Flashcards in AKI and Dialysis Deck (30)
What are 2 main types of insults in AKI?
1) Acute ischemia --> Patchy lesions along proximal and distal tubules, basement cell membrane is affected and necrosis is present
2) Acute toxic --> Basement membrane usually left intact, tubular destruction ranges from swelling to necrosis, damage is generalized and widespread
What are the 3 main categories of AKI?
What is prerenal failure?
Physiological response to insult that occurs before blood reaches kidney.
Result in renal hypoperfusion, decrease GFR, oliguria.
Nephrons remain normal and can recover
What are causes of pre-renal failure?
Local causes: Emboli, thrombus, surgery, hepatorenal syndrome
General causes: Hypoperfusion, decreased CO
What is intra-renal failure?
Parenchymal damage to nephrons resulting from disease or nephrotoxic agents. Damage can involve both glomerulus and tubular epithelium
**ATN (Acute Tubular Necrosis)
What causes intra-renal failure / ATN?
Nephrotoxic or ischemic injury to the renal tubular epithelium. Damage can extend to the basement membrane
What are the differences between Ischemic vs toxic ATN?
Ischemic: Damage is irregular along PCT and DCT, failure of autoregulatory properties of afferent and efferent arterioles that regulate GFR. ***Basement membrane damaged and necrotic
Toxic: Some nephrotoxins are vasoconstrictors (contrast dye), uniform widedspread damage to tubules range from swelling to necrosis. ***Basement membrane not as severely injured
What is pathophys of ATN?
Tubular swelling, cast formation (cellular debris)
Obstruction decrease capillary BF
Ischemia, cell injury
Decrease O2, ATP
Decrease cell function
O2 free radicals attract Ca intracellularly
Decrease serum Ca
Why do AKI pts become anuric?
Glomerular pressure equals hydrostatic pressure.
Obstructions increase tubular hydrostatic pressure that eventually equals filtration pressure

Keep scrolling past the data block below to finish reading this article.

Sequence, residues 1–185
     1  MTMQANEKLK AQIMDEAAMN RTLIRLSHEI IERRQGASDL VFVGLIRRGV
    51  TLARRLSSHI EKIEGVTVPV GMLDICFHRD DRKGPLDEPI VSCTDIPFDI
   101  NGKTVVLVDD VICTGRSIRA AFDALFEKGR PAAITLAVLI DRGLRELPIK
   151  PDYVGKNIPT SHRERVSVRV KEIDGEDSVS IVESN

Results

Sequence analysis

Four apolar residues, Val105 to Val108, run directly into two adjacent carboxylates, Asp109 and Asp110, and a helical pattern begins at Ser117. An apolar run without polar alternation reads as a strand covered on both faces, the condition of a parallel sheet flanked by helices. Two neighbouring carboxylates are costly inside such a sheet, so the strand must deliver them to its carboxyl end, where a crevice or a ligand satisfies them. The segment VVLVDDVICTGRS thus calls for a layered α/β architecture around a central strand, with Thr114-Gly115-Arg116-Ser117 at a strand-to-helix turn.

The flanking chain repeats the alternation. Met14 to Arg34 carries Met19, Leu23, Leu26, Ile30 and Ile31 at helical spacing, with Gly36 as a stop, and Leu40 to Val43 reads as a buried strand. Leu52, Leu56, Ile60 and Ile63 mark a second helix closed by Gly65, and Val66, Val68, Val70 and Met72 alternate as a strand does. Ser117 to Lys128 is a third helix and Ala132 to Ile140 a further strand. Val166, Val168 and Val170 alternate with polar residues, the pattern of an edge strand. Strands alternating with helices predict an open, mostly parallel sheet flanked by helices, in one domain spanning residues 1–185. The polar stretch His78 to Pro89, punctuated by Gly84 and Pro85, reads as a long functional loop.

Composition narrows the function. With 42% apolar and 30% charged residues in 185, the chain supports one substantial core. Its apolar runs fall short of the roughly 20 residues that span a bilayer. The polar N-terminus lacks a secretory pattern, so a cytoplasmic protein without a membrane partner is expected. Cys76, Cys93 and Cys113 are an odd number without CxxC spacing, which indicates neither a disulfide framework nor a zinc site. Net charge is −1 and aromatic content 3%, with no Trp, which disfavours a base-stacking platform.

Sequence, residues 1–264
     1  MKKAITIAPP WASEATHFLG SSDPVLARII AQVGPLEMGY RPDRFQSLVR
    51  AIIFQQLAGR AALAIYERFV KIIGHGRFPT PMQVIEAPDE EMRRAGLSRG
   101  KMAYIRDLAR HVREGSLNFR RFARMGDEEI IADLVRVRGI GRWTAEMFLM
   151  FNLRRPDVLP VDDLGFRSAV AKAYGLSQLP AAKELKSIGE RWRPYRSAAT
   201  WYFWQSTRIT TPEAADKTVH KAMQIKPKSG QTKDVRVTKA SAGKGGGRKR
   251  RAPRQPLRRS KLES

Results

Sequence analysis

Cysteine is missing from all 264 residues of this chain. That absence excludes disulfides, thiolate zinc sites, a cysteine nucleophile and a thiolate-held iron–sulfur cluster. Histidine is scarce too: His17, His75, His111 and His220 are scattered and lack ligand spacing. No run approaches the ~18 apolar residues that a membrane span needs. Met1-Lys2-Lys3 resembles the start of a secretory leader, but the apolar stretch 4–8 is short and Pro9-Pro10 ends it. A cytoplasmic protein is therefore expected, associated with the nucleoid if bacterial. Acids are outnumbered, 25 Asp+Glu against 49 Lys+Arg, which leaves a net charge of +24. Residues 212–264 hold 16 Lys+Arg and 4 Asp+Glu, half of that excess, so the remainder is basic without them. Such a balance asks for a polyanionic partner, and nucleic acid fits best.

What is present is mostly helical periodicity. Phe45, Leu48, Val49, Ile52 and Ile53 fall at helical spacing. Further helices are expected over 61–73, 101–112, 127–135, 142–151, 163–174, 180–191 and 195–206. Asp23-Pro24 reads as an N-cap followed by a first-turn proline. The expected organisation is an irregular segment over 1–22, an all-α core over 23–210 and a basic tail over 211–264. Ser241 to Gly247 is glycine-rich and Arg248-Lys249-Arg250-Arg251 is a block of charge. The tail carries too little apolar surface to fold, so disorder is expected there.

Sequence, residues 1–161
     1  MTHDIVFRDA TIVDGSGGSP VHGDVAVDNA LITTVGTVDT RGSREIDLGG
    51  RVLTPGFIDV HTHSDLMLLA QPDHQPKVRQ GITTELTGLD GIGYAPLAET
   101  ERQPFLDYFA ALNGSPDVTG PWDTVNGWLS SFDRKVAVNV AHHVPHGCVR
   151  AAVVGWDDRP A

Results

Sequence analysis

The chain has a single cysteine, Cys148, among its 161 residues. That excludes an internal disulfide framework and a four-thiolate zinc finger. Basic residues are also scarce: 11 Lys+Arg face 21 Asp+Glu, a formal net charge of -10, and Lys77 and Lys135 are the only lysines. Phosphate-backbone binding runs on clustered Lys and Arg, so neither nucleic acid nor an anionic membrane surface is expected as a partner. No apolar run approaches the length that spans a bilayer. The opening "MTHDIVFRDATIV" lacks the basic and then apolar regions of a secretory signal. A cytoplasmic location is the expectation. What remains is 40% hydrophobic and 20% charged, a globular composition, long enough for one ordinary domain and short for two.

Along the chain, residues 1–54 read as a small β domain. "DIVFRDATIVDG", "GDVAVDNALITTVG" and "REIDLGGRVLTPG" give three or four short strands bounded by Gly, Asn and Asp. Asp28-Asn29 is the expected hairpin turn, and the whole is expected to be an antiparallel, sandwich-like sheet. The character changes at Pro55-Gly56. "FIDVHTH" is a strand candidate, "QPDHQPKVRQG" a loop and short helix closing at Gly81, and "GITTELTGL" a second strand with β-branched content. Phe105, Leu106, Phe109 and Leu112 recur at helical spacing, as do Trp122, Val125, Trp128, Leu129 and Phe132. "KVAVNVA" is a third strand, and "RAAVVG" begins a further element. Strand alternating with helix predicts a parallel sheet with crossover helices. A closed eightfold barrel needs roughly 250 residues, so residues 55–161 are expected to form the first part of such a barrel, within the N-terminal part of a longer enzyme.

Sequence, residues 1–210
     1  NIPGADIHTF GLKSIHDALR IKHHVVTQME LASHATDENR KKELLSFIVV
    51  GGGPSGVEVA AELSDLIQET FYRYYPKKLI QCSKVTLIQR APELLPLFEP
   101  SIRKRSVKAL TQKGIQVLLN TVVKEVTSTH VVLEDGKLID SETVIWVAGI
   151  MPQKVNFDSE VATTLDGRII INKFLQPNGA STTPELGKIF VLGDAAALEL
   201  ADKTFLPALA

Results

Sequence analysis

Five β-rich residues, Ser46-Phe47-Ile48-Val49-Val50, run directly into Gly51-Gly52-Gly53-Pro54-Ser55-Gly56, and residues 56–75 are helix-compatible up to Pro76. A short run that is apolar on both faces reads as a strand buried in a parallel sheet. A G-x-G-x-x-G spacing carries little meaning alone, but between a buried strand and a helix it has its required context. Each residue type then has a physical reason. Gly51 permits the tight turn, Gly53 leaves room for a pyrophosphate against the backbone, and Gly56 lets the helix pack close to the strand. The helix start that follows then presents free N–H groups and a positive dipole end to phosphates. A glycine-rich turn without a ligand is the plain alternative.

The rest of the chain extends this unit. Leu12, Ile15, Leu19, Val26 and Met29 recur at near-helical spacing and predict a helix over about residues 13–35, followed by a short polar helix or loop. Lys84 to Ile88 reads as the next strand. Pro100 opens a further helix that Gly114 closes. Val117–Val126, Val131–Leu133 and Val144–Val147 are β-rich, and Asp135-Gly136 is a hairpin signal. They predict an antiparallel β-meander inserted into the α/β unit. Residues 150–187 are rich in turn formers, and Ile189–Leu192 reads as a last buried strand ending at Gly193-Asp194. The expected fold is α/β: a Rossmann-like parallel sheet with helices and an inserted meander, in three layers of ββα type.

What is postrenal failure?
Physiological response caused by disruption of urine flow from urinary tract to bladder.
Rare but accounts for most anuric cases.
What are the 4 stages of acute renal failure?
1) Initiation (onset phase)
2) Maintenance (oliguric / anuric phase)
What happens in initiation phase?
Time of onset to cell damage, decrease in GFR due to impaired renal BF. Glomerular filtrate backleaks into tissues.
Pt has fatigue, fluid retention, anemia, decreased UO
What happens in maintenance phase?
Oliguria, severe decrease GFR with excessive H2O retention leading to dilutional hyponatremia
Increased K --> due to decreased excretion, muscle breakdown
Increased H+ --> leading to metabolic acidosis
Anemia --> due to suppressed erythropoietin
Creatinine, urea, phosphate elevated --> Muscle breakdown and inability to excrete waste
Hypocalcemia --> Decreased gut absorption due to decreased Vit D activation in kidney and O2 free radicals attracting calcium intra-cellularly
Azotemia (Buildup of metabolic waste)
What happens in the diuretic stage?
GFR begins to increase, reabsorption might not follow for a while. Gradual increase in UO
May have polyuria and dehydration d/t INABILITY TO CONCENTRATE URINE
Kidneys can clear volume but not solutes
What happens in recovery stage?
GFR returns to 70-80% normal
BUN and Cr may never completely normalize
Final stage is ability to concentrate urine